The Mayor of London has the power to make Uber pay more taxes and the city's iconic black cab drivers should reduce night time fares to compete, according to a new report calling for a major shake up of London's cab industry.
A maximum working day of 12 hours should be imposed on Uber drivers and all black cab drivers should take fares via an app, recommends the report from Policy Exchange's Capital City Foundation think tank.
It adds fuel to the fire in the increasingly acrimonious battle between Uber and London's taxi trade and piles more pressure on Sadiq Khan to regulate London's roads, amid legal battles and a review by City Hall.
Uber's five-year license to operate in the capital is up for renewal in May next year and the think tank claims the mayor can impose requirements on limiting driver days and paying taxes.
The report also slammed aggressive lobbying by "an ultra-conservative minority" of black cab drivers for blocking progress and damaging their reputation among potential users.
It comes as cabbies with the London Cab Drivers Club staged a protest in central London today.
“London risks losing yet another thing which makes it different, special, and civilised: the world’s best taxis," said Nick Ferrari, author of the report and a host on LBC radio. "But to survive, cabbies must change. They need to out-compete Uber, not just demand that someone else makes the competition go away."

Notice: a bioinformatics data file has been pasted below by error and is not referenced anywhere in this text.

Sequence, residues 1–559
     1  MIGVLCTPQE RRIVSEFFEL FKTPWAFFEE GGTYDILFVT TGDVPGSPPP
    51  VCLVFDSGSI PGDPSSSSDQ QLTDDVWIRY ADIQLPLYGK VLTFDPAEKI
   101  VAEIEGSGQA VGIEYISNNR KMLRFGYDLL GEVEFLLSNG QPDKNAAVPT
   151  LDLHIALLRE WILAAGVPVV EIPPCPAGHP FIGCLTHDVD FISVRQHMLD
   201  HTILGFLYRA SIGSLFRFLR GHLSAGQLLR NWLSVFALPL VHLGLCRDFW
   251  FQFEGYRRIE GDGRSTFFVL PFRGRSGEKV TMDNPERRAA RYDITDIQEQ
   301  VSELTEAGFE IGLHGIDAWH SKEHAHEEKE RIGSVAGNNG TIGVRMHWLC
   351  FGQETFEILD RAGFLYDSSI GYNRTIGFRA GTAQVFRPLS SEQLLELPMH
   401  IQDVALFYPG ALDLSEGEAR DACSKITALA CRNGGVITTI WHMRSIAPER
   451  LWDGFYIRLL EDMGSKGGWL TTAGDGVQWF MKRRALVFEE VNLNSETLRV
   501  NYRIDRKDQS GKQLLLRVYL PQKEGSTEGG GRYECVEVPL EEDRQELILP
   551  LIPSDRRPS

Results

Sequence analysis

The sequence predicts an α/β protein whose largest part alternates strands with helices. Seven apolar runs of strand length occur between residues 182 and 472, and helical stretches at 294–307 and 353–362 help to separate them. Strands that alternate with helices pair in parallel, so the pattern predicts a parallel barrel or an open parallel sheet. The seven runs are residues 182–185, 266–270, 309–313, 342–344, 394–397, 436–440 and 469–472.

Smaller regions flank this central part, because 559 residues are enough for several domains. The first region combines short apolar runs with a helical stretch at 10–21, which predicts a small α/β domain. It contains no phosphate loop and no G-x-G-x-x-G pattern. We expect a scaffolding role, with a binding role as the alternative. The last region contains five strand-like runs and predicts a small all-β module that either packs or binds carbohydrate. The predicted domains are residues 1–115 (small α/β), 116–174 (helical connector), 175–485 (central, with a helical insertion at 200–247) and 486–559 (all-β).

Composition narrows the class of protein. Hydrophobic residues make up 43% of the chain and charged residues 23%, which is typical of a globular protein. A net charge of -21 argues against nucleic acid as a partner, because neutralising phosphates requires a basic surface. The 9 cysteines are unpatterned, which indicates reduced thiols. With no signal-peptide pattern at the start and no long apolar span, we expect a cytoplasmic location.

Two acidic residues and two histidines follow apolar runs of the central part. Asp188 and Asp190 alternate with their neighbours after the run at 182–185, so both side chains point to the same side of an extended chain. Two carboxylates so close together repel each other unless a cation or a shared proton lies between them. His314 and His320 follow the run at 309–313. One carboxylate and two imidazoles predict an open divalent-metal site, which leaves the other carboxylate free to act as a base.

Andrew Gilligan, head of the Capital City Foundation, said: "The rise of Uber and other ride-sharing services has brought both benefits and costs. But the costs, such as congestion, are felt by more people than the benefits.
“We must tackle those costs, and Uber’s principal unfair advantage, of paying less than the normal UK tax: a completely indefensible position, given its total dependence on roads provided by the UK taxpayer. It has chosen to pay more tax last year than it did before, but the payment of tax should not be a matter of corporate choice.”
The latest accounts for Uber show it paid £411,000 in tax last year as turnover doubled to £23.3m and profit came in at £1.8m. The startup has been criticised for the complicated way it structures its business, with parts of its UK business reporting profits in other countries, though it abides by tax laws.
The report claims Uber's "fair share" of tax would amount to £8m. Uber says it still operates at a loss globally.
An Uber spokesperson said: “We believe there’s room for both Uber and black cabs on London’s roads. That’s why we have offered black taxi drivers the chance to get extra fares through our app with zero commission for a year. However, it’s disappointing that many of this report’s claims about Uber are wrong or simply based on a trawl of the internet.”